Day 7 of this year’s Australian Festival of Chamber Music and after a day celebrating the cerebral genius of Bach, you couldn’t get a more refreshing contrast than a world-class line up of artists in an evening of Romantic Russian melancholy, passion and the occasional burst of sardonic humour.

One of the finest musical miracles of any composer’s youth has to be the remarkably mature trio that the 19-year-old Rachmaninov produced in 1892. A fine work, the notoriously insecure and self-critical composer buried his Trio Élégiaque, which only resurfaced in 1947, four years after his death. It enjoys a bold start – barely-heard oscillating cello is joined by violin, creating an oozy bed upon which the pianist lays down one of those infinitely wistful themes for which Rachmaninov would become so famous – and incoming Festival AD Kathryn Stott loaded it with just the right degree of emotional tug.

Czech cellist Jiří Bárta, a real aristocrat of his instrument, responded with passion and flair, his tone rich and full. The leaner, silvery tone of Italian violinist Francesca Dego made a welcome contrast, the three artists moving sensitively and seamlessly as one over the full span of this single-movement work. Stott found room for some beautifully meditative moments in the gentler, ruminative central section, her playing featuring some ravishing pianissimos despite Rachmaninov’s additional demand for his typical brand of manual dexterity. Her companions raged and sighed on cue in a really distinguished performance, capped by Stott’s leaden tolling of the funeral bells that ring out in the sombre finale.

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The Allegro from Boris Tchaikovsky’s Sextet for Wind Quintet and Harp proved a suitable antidote to all that Russian doom and gloom, its debt rather to the tangy French vinegar of composers like Poulenc and Françaix. Prudence Davis on flute, Jeffrey Crellin on oboe, Philip Arkinstall on clarinet, Jack Schiller on bassoon and Alice Giles on harp gave it a fine outing, with Martin Owens’ rock-solid horn a special pleasure. A substantial work in its own right, this was the first movement of a piece that made you instantly crave to hear the rest.

Back to Mother Russia, and Tchaikovsky’s First String Quartet opens with a rocking hymn-like melody – just the thing to test an ensemble from the start. The Orava Quartet – currently the most exciting young quartet on the block – really do breathe as one, an intense togetherness allowing them to indulge a winning delicacy of touch with each player given his moment to sparkle in the sunlight. The Orava sound is rather special. Daniel Kowalik’s lean, clean first violin shimmers away on top, gently complemented by David Dalseno’s discreetly supportive second violin. Underneath sits Thomas Chawner – a violist of much flair and warm tone – and Karol Kowalik, whose impassioned cello is a pleasure to watch as well as a joy to hear.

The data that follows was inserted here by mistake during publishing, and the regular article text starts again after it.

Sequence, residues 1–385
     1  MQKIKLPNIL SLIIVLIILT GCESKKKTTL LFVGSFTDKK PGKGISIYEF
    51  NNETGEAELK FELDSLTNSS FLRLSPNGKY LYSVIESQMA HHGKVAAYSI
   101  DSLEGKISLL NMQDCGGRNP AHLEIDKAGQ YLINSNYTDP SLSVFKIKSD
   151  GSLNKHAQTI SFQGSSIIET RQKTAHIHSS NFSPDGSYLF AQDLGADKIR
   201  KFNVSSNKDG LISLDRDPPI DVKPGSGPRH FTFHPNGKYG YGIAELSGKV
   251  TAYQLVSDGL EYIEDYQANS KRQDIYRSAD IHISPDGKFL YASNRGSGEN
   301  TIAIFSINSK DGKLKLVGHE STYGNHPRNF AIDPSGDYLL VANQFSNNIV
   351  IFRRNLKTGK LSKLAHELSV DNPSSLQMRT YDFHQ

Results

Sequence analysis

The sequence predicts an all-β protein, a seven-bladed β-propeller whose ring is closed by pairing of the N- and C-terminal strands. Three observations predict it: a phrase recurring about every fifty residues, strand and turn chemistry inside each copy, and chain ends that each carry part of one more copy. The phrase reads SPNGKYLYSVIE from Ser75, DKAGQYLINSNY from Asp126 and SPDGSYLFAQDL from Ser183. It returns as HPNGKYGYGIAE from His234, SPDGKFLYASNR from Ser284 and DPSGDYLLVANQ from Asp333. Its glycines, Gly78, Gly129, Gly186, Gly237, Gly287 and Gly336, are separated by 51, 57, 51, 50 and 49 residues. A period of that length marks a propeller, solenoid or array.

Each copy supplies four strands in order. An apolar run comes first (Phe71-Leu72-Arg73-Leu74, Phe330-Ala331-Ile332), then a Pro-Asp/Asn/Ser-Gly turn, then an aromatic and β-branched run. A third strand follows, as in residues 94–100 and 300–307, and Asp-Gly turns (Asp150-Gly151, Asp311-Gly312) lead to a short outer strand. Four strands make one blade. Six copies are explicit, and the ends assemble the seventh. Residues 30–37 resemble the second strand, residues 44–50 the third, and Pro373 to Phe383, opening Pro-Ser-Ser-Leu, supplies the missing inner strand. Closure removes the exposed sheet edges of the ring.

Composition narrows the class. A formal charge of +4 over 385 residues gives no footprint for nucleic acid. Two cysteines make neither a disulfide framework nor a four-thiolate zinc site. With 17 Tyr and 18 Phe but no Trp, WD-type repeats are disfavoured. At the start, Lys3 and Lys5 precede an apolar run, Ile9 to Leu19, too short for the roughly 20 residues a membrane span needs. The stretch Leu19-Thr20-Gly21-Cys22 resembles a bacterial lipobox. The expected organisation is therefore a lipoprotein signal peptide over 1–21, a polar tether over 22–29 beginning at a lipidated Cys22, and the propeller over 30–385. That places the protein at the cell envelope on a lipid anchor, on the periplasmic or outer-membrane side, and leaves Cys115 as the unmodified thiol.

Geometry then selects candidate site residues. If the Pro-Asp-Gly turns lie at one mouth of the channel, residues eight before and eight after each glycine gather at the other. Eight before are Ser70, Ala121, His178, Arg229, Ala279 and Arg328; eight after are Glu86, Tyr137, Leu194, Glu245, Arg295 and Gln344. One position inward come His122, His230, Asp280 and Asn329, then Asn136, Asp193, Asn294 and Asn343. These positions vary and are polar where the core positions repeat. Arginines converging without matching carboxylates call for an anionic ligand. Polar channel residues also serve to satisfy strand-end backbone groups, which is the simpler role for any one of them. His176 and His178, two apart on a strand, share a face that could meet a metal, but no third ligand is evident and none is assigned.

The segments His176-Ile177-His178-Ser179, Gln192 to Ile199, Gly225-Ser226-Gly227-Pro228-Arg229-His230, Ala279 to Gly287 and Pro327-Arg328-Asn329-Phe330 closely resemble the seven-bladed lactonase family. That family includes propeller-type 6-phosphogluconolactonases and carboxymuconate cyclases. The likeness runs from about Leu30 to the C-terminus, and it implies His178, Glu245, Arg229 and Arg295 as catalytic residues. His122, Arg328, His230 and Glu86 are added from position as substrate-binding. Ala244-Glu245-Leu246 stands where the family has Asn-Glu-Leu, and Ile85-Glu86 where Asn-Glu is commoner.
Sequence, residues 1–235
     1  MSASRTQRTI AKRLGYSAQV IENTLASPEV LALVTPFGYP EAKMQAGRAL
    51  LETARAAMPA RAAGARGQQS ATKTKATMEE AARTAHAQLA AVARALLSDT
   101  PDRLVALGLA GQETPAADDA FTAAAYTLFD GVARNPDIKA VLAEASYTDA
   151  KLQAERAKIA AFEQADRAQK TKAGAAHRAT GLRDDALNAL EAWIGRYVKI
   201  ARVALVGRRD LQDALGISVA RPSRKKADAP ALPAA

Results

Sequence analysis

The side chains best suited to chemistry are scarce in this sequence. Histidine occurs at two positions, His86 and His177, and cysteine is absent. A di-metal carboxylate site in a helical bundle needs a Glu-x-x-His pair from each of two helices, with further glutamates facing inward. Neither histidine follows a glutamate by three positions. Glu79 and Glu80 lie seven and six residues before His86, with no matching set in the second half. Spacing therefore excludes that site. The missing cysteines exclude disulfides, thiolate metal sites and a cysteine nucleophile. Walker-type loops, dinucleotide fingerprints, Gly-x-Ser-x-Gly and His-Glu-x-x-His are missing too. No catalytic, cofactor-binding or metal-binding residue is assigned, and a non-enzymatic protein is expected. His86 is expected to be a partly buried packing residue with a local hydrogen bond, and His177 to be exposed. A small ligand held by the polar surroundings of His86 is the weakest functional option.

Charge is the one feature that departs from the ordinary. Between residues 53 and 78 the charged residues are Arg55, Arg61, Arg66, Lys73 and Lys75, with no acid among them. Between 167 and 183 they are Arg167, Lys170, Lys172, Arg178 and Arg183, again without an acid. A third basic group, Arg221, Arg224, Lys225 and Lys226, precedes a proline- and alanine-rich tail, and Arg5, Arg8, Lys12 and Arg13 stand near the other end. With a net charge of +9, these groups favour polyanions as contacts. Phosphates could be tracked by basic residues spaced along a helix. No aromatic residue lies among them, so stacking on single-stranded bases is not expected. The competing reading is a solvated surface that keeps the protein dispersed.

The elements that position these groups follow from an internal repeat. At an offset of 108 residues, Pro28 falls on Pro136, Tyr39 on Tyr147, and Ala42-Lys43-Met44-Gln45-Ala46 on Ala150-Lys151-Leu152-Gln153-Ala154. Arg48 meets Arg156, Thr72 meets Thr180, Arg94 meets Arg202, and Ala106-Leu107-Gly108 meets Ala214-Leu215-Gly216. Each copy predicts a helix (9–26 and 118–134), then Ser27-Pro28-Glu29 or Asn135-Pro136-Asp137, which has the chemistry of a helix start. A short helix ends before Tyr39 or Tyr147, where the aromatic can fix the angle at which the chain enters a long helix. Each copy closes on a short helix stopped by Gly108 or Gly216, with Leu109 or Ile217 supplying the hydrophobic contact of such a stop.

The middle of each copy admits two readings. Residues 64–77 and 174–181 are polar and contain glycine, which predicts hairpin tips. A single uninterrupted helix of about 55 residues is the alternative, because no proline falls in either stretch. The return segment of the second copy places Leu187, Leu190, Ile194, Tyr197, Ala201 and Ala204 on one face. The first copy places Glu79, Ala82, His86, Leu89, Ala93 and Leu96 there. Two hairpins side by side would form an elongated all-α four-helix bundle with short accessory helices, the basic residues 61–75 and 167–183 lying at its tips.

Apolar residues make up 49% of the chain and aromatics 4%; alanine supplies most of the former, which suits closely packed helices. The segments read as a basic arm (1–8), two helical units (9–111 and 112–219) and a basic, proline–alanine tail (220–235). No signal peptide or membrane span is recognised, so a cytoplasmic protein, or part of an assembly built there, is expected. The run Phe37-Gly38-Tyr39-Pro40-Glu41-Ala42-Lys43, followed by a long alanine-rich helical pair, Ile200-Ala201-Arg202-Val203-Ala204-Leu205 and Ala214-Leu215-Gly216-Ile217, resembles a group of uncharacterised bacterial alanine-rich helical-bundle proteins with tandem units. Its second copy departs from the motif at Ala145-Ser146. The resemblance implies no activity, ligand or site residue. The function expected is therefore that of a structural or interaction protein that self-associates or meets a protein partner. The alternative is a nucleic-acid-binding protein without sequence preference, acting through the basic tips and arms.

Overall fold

The pulse-quickened end to the first movement led into the gorgeously melodic Andante cantabile that so moved Tolstoy at its first performance. Quintessentially Russian, yet looking back to the Classical models of Beethoven and Schubert, the Oravas gave it a thoughful reading, resisting the temptation to topple over into sentiment or schmaltz. Kowalik’s first violin was especially fine in the central ‘pop song’. By way of contrast, the Scherzo had a real Cossack stamp to it and there was fire aplenty in the mercurial finale with its echoes of Viennese gypsy music and Russian folk. A very special performance indeed.

Rimsky-Korsakov’s Quintet for Flute Clarinet, Horn, Bassoon and Piano is one of the least played, most charming works in the chamber repertoire. Apparently the first performance was a disaster – why, God only knows – so it was a treat to hear it live in a performance of enormous heart and spirit. Full of wit and elegance, the Rolls Royce wind quartet of Davis, Arkinstall, Owen and Schiller were steered through the motoric first movement by Piers Lane on the piano. With the wind in his musical hair, so to speak, like Mr Toad on the great highway you could almost imagine the frequently beaming pianist was going to cry “Parp! Parp!” at any moment.

If the opening was all joie de vivre, the mellow Andante featured warmly individual solo contributions from all four wind players with a central section that could have come straight out of Mussorgsky where Lane was given his considerable emotional head. A wonderfully amiable reading was capped by a perky Scherzo finale that bounded along like a rabbit on Viagra – ’nuff said…

Shostakovich’s Octet (in just the two parts) is another neglected masterwork that deserves a more regular place on concert programmes. A remarkably democratic piece, it requires pinpoint accuracy of ensemble, yet insists on solo skills in abundance from all eight players. Watching the combination of the Goldner String Quartet and the Orava Quartet, one was immediately conscious of a single platform featuring the finest quartets of their respective generations coming together for a demonstration of just what fine string players this country has produced – and is still producing – over the past 40 years.

Penetrating in the emotional complexities of the multifaceted opening Adagio, the musicians were, if possible, even finer in the astringencies of the quicksilver Scherzo with its grotesqueries, its phantasmagorica and its demanding technical effects. This remarkable display topped off one of those brilliantly programmed concerts of chamber music, delivered in pitch-perfect performances, that Piers Lane’s tenure at AFCM has been so rich in over the past 11 years.

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